Call for help: Hospital emergency response (Code Black or equivalent)
May be a medical illness (hypoxia, hypoglycaemia, metabolic disturbance), psychiatric disorder (acute psychosis, drug-induced psychosis, delusional state, mania or personality disorder) or drug intoxication or withdrawal causing the aggressive violence.
Sedation to gain control of the situation may be required to allow such an assessment.
De-escalation, containment and negotiation techniques if appropriate and most likely to work in a situation of low level threat (unlike this one).
Physical restraint – to allow delivery of drug therapy, need help / security team / police etc.
- Diazepam / Midazolam / Lorazepam
- Advantages of rapid action, good safety profile
- Concern: Sedation / Drowsiness / Respiratory depression / hypotension/short acting
- Droperidol (increasing profile for relatively safe emergency sedation)
- Olanzepine ii. Risperidone
- Advantages – less respiratory depression, can be given im.
- Concerns: Extra-pyramidal side effects / QT prolongation / hypotension /slow onset, may require repeated administration
- NMDA-antagonist (Ketamine):
- Advantage: Can be given im, much less respiratory depression or hypotension, rapid onset
- Concern: Hallucinations / Hypertension, tachycardia /
- Intravenous anaesthetic agents (propofol, thiopentone)
- Advantage – very rapid action with guaranteed effect
- Concerns – apnoea, hypotension. May require intubation.
(B) Post-intervention considerations.
- Assessment and investigation for medical / psychiatric cause of severe agitation
- Adequate monitoring and support of vital signs
- Monitoring for adverse effects of medications used to control the individual
- Examination for injuries to the perpetrator
- Debrief – staff involved / perpetrator, when calm and rational other patients, perpetrator’s family
- Disposition – monitored environment
Most candidates omitted thinking about or looking for causes of aggression (e.g. hypoxia) and did not mention any post-intervention considerations.
This is far from uncommon, and the level of detail invested into the scenario suggests that some lightly bruised veteran of the ICU wrote the question in memory of a particularly extreme confrontation. Fortunately, there is a NSW Health directive to guide this area of practice.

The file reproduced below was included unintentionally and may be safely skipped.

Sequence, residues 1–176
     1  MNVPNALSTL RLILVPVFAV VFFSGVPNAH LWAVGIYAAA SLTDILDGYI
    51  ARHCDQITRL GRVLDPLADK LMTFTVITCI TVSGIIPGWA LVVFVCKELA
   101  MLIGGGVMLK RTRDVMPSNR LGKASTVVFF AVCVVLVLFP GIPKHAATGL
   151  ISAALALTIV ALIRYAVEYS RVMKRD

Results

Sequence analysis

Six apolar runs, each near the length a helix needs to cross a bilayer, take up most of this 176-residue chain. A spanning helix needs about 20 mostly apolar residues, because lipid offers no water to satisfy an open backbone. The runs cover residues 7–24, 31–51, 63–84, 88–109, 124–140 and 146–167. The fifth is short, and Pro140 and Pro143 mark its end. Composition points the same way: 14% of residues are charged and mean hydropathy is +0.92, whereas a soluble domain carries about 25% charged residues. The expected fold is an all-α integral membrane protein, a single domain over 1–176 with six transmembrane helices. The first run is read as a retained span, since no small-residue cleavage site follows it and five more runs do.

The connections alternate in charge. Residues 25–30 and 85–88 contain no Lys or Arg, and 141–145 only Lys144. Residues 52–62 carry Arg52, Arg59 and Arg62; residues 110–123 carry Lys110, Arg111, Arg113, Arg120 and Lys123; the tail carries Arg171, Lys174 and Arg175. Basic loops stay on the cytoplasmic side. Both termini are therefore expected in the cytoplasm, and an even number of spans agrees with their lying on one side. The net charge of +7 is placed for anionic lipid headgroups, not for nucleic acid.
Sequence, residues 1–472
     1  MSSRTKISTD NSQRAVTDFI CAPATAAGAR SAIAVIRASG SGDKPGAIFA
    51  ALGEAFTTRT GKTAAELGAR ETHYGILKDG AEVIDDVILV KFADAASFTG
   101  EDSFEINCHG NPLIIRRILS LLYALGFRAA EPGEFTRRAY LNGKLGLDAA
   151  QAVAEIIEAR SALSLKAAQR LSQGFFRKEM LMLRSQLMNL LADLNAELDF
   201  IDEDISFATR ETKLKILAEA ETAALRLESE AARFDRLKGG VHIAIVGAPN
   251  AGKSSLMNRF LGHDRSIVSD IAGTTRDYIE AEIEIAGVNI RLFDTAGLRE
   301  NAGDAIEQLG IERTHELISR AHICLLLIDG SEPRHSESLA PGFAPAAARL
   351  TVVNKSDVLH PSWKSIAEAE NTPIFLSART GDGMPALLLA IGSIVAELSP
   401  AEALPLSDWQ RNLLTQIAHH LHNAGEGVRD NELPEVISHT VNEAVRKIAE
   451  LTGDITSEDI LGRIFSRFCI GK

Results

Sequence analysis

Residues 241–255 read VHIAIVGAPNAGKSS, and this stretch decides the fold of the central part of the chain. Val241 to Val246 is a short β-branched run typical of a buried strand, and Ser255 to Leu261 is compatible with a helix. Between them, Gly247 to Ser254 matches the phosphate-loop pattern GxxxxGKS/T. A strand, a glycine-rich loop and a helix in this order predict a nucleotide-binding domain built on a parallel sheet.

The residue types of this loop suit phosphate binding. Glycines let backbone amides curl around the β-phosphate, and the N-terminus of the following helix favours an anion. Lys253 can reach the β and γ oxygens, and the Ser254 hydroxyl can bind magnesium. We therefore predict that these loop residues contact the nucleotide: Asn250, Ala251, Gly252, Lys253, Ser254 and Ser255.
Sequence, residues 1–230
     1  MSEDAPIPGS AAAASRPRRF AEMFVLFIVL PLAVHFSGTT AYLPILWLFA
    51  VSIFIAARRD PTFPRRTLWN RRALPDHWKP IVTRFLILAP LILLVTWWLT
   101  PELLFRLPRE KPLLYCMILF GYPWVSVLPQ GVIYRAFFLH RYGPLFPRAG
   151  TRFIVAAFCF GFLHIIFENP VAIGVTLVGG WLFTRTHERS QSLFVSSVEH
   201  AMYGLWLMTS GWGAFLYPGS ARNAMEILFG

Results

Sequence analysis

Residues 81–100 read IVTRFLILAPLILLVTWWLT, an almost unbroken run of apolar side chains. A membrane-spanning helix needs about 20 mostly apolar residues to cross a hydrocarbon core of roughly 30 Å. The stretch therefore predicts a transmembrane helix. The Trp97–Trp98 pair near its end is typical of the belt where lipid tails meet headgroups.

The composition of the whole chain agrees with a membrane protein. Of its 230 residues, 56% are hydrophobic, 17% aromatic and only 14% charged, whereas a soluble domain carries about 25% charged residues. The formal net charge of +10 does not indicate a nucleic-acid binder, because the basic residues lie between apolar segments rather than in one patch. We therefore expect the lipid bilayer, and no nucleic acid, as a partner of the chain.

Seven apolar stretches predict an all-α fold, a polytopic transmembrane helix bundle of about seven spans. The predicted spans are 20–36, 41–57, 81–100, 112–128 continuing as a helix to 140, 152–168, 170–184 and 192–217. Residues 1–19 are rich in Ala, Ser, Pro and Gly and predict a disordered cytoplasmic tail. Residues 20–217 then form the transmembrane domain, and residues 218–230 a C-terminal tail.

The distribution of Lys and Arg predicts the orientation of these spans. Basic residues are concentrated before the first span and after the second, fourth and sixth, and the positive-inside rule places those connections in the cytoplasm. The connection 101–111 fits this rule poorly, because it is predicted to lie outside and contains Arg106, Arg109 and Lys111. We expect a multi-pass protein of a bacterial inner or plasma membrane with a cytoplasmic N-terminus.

Ensuring safety of the patient and staff
- Retreat to a safe place; remove staff to a safe area or to a safe distance, as much as possible
- Activate duress alarm
- Activate local emergency response (usually designated Code Black)
- An attempt to de-escalate the situation by engaging with the aggressive patient is one option, Some techniques have been suggested:
- Respecting personal space
- Appropriate body language using a non-confronting manner
- Establishing appropriate verbal contact to engage with the person
- Communicating in a clear and concise manner, avoiding repetition
- Listening and acknowledging the person’s concerns
- Identifying the person’s needs and feelings
- Setting clear limits and boundaries
- Being respectful
- etc etc
- Defusing the situation through conversation seems like an appropriate place to start.
- However this would probably not be a reasonable thing to include in the answer to Question 27. Specific offensive behaviours were quoted by the college, likely as a means of communicating to the trainees that they were not dealing with a reasonable person. If the patient is headbutting the staff, we are probably no longer in conversation territory.
Physical behavioural control measures
- The security team needs to nominate the team leader
- The team leader should assigns roles for each staff member
- One staff member should support or hold each limb
- One staff member should support or hold the head and continue to engage with the patient to "reassure and calm" them while they bite and spit.
With the patient physically restrained, it may now be possible to administer chemical restraints.
Chemical behavioural control measures